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More than 1 million people flee as second wave of flooding hits Bangladesh, 7 million already affected


More than 1 million residents have fled their homes as the second wave of severe flooding hit wide swaths of Bangladesh, officials said Tuesday, July 14, 2020. As many as seven million people are already affected, with water levels at major rivers rising at about two dozen points in 20 districts.

"The situation is worsening," said Arifuzzman Bhuiyan, an executive engineer with the Bangladesh Water Development Board (BWDB). "The worst thing is that the floods are getting prolonged this year, which is a bad sign."

More than one million villagers are marooned or leaving their homes, along with their belongings and even with their cattle. Over the last 24 hours, many new areas in the northern, northeastern, and central regions have been affected, Bhuiyan added.

In the Kurigram District, one of the worst affected areas, thousands of residents have left their homes to move to higher grounds since the weekend, said Mizanur Rahman Soikat, project coordinator with the Bidyanondo Foundation. The charity has been providing food to affected villagers, many of whom have lost their livelihood.

Some 135 000 Kurigram citizens have been given food assistance over the past few weeks, Soikat said, along with further help from the government.

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A.T.M. Akhteruzzman, a relief and rehabilitation officer in the northern district of Rangpur, said about 50 000 residents along the Teesta River have fled so far.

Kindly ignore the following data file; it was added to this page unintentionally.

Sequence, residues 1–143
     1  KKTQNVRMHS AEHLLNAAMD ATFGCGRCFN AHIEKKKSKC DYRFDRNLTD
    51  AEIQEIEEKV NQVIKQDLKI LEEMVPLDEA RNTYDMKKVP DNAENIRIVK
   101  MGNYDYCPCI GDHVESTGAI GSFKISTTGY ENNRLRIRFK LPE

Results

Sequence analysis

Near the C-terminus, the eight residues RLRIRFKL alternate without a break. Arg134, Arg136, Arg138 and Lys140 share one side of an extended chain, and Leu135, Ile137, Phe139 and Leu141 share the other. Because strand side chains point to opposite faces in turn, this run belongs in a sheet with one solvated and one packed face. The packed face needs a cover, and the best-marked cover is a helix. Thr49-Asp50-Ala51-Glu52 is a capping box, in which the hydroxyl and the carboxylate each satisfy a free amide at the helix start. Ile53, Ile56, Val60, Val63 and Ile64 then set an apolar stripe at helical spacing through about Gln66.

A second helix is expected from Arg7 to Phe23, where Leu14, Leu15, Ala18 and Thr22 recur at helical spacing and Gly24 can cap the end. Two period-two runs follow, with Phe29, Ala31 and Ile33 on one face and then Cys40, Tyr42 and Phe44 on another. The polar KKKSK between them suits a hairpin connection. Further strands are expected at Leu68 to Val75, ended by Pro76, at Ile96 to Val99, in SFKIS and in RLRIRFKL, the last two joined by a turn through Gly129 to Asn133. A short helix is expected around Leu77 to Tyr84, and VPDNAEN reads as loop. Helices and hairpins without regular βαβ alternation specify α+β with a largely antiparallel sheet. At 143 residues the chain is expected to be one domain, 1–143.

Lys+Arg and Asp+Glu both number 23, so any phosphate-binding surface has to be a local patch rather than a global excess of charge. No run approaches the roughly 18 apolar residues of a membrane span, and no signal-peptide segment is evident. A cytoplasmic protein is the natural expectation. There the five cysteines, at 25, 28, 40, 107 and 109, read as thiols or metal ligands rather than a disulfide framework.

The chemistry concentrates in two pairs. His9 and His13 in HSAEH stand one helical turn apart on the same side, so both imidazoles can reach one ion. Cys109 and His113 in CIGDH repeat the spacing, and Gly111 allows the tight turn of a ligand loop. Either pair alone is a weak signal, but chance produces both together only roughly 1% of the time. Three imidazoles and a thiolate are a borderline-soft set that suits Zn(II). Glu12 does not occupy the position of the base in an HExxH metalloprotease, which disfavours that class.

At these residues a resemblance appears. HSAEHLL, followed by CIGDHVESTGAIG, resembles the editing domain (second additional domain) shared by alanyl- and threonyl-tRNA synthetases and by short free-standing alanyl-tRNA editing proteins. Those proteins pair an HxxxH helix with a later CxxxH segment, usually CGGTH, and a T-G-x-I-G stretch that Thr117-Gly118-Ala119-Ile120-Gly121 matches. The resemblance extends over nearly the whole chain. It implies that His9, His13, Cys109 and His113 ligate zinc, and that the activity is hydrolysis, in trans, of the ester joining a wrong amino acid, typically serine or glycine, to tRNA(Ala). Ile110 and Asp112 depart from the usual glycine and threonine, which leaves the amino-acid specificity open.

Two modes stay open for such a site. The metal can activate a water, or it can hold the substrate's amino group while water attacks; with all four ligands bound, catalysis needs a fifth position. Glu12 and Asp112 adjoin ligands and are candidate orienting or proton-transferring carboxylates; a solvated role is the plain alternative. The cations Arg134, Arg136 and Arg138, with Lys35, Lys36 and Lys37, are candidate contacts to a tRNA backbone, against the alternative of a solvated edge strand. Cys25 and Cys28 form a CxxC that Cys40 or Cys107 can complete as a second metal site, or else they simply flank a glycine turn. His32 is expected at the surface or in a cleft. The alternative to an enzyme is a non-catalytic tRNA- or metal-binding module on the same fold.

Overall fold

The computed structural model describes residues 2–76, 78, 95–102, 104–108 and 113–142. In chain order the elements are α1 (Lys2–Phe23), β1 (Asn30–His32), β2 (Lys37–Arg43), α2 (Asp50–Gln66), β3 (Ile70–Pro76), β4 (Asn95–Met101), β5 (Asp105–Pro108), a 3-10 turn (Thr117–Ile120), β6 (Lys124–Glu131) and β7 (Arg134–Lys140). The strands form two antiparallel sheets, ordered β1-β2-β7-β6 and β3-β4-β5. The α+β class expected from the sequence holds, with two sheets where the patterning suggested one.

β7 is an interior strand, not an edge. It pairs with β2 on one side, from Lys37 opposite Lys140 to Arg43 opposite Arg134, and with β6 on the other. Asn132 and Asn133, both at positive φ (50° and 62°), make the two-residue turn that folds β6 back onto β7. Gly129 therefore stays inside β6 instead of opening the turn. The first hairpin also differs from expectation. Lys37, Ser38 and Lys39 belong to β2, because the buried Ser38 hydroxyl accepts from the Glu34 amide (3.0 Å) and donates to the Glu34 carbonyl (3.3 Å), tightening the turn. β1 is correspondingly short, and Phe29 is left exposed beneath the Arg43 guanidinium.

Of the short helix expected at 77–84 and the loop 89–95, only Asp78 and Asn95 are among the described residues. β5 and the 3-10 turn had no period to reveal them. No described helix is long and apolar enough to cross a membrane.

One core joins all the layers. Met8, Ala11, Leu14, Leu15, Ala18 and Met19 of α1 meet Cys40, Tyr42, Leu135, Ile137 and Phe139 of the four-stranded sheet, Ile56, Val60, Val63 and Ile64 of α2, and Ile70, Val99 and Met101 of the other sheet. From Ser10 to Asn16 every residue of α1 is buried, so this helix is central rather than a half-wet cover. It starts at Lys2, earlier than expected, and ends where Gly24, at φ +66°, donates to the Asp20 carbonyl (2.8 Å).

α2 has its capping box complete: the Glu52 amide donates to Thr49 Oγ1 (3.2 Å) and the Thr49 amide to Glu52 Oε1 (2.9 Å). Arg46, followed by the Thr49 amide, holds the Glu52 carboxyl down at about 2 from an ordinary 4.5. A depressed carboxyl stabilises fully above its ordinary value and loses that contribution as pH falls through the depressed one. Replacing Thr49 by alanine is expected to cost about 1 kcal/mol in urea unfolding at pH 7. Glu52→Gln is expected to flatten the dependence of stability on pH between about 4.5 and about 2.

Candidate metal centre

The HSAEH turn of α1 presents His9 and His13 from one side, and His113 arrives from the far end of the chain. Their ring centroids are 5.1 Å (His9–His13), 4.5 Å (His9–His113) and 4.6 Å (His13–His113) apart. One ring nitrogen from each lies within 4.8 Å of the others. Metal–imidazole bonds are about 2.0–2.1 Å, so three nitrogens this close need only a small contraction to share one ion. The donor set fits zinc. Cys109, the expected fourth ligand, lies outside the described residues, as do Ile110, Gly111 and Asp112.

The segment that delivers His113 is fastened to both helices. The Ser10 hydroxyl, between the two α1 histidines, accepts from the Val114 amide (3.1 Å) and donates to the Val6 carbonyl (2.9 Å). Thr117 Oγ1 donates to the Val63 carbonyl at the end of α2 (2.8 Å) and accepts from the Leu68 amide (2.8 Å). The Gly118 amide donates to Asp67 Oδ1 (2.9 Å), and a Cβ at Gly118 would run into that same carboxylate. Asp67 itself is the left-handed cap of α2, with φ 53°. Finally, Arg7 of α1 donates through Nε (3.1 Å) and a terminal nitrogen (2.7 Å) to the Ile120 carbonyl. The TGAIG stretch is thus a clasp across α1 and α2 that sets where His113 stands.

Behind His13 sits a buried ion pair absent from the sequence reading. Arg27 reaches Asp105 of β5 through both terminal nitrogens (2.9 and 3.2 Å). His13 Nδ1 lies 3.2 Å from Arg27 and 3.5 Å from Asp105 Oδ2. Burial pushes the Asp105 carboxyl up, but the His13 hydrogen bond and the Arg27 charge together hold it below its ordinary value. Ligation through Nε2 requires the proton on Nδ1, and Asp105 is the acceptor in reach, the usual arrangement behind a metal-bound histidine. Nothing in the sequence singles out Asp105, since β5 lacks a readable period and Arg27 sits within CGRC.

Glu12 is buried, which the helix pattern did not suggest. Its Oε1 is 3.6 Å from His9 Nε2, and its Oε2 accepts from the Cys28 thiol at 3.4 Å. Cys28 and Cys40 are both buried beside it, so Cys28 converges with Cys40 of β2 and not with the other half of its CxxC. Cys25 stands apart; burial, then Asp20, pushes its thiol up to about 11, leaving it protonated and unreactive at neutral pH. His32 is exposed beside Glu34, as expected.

BWDB issued a red alert in the area on Monday, July 13, as the river was already flowing more than 0.5 m (1.7 feet) above the danger level.

The latest fatality was an eight-month-old baby who drowned in floodwaters. Atiar Rahman, chairman of Gaddimari Union Parishad in Lalmonirhat said the mother found her baby's body floating in the floodwater that infiltrated their home near Teesta.

According to the Indo-Asian News Service (IANS), as many as seven million people have already been affected.

Heavy downpour and rushing waters from upstream India are the major reasons for flooding in Bangladesh, which usually receives monsoon rains between June and October. These triggered the second wave of flooding, while the first wave has not yet even receded.

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Floods started in late June and have continued to worsen ever since, affecting many new areas and destroying crops, affecting millions of people, particularly in impoverished regions.

"Waters are coming from India, while heavy rainfalls in the region are causing havoc," said Akhteruzzman.

"We are trying to do our best to stand by the people, as we have already provided more than 300 tons of rice, cattle food, baby food, and a good amount of cash. Our relief operations will continue."

The government has opened 975 flood shelters and mobilized 175 medical teams.

Heavy monsoon rains are forecast throughout the country in the following days, which could further worsen the already grim situation.

Featured image credit: SOMOY TV/YouTube


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